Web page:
Saturday, July 17, 2004
Shorn and Shorn Again
I headed to the river early today, with camera, eager to identify a new thistle I'd seen emerging last week, and watch the further developments of the sexy, exotic gamagrass. A few spotted touch-me-nots -- orange spotted trumpets -- had emerged by the footbridge where the loosestrife were massing in their glorious cold magenta, and, on the other side of the bridge, tall groups of water hemlock had continued to open. As I rounded the corner, past the japanese knotweed with its new, white upcoiling flowers, I stopped in horror.
The first little meadow on the left had been shorn down to stubble. The curly dock, the chicory, the fleabane, the pigweeds, the queen anne's lace, were all slashed down in an anonymous, ugly buzzcut. I looked up the path. There was a vista of dull, flat, mowed lawn.
Aghast, I hurried toward the first of the two big, beautiful grassy meadows.
It was gone. All gone. Shorn to a flat stubblefield littered with drying clumps of hay. The grasses with their beautiful seedheads, the gangly sweet clover, the purple thistles and knotweeds, the fleabane, the daisys, the chicory, the queenanne's lace, the wierd and lovely medusan field garlics, the birdsfoot trefoils, the black-eyed susans, the rabbitsfoot clovers, the hoary alyssums -- all reduced to a flat, common waste.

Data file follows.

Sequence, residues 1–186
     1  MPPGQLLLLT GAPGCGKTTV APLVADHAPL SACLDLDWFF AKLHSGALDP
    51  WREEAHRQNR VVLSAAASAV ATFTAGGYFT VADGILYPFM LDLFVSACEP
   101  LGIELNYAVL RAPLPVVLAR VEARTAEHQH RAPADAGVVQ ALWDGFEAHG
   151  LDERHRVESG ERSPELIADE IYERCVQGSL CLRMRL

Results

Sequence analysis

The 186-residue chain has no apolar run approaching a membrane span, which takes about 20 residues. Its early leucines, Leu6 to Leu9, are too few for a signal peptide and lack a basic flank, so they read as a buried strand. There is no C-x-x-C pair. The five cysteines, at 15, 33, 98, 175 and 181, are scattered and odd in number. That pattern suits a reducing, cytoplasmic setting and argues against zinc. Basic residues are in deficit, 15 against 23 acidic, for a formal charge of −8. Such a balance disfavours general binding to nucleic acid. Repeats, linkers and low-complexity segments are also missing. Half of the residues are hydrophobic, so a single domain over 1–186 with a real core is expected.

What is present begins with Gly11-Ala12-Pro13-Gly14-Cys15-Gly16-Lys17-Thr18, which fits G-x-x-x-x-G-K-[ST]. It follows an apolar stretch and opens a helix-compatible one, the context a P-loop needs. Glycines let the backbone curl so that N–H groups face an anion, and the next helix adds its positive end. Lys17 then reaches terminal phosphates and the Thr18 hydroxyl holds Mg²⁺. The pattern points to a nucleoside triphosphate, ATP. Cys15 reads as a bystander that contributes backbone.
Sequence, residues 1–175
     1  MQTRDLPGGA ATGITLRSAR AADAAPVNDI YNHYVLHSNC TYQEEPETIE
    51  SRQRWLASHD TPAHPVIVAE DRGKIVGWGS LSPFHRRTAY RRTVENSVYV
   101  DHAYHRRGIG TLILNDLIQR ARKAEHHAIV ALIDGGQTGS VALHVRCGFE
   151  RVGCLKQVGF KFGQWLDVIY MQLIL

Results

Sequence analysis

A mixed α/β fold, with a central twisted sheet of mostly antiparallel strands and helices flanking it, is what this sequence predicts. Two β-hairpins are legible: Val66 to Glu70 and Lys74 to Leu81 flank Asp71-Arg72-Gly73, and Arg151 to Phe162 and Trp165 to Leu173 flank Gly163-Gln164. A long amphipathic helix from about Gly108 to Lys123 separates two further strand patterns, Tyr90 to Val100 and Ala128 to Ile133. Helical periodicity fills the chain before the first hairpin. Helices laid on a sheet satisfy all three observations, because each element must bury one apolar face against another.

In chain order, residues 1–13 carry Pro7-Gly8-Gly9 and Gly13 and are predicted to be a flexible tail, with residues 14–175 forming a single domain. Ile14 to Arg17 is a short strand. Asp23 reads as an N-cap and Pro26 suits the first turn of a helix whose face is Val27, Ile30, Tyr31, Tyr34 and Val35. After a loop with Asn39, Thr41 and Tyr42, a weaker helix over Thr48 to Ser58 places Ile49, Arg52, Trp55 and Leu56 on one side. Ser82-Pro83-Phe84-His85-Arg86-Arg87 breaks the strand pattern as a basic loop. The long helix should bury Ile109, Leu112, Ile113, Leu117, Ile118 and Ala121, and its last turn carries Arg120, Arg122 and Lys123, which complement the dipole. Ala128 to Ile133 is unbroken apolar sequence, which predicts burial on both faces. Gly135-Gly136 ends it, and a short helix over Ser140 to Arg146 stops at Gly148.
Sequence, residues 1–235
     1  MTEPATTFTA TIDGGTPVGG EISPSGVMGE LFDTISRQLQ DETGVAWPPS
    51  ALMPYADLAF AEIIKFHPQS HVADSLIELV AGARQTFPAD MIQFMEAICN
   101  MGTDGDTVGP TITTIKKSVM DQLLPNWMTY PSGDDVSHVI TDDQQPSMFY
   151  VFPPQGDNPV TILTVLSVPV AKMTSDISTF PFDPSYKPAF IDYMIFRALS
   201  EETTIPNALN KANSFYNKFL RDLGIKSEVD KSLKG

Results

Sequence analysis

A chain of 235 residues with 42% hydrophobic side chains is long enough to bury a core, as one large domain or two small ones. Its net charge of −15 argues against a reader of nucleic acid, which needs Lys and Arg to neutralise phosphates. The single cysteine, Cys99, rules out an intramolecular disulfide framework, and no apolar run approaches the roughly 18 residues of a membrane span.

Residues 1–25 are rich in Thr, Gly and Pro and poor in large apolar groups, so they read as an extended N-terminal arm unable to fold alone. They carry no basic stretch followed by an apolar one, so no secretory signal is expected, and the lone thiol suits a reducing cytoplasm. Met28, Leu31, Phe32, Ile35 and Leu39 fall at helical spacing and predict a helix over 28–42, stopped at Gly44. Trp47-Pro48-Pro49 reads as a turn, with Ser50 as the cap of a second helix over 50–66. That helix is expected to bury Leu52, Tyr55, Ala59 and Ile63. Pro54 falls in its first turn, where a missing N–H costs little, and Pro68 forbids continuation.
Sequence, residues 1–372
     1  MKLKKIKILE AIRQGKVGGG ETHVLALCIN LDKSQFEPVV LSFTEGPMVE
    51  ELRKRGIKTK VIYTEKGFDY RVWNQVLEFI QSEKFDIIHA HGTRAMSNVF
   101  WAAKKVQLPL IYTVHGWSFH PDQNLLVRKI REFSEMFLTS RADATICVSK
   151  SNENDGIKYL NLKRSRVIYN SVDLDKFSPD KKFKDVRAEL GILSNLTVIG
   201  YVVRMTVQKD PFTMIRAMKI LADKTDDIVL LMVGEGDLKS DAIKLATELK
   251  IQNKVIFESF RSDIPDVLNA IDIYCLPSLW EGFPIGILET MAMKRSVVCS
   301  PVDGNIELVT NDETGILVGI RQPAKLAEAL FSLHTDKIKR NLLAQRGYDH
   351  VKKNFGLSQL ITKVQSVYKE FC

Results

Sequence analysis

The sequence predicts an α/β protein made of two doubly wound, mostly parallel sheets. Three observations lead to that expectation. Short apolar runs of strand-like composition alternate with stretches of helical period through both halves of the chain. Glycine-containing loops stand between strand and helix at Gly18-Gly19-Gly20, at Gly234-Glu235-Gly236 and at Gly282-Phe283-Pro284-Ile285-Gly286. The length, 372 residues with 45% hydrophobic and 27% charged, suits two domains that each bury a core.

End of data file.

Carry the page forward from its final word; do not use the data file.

I remembered standing at day's end in the bright, low sun amidst the chest-high grasses, watching them sway and undulate in the wind. I remembered crouching in them to peer closely at a leaf or flower -- the smell and touch of them. I remembered the sudden sound of birds and rabbits rushing through them.
I stood in the middle of the shorn field. The stubble was dry and ugly. The litter was all the more visible. Bright, enticing, primary-colored junk-food wrappers caught the eye instead of the purple thistles or the yellow birdsfoot trefoil.
What can one do on such a place ? Play frisbee ? Jog past it while talking on a cell phone ? Ride a dirt bike over it ? Sunbathe on it ? Throw a gatorade bottle onto it ?
My weeks of watching the spring then the summer come to fruition end, long before the denouement, in a cropped, ugly trash field.
And since Blogger -- who giveth and taketh away with equal alacrity -- has apparantly decided to get rid of its simple "upload image" function, I can't share the scenes of decimation with you.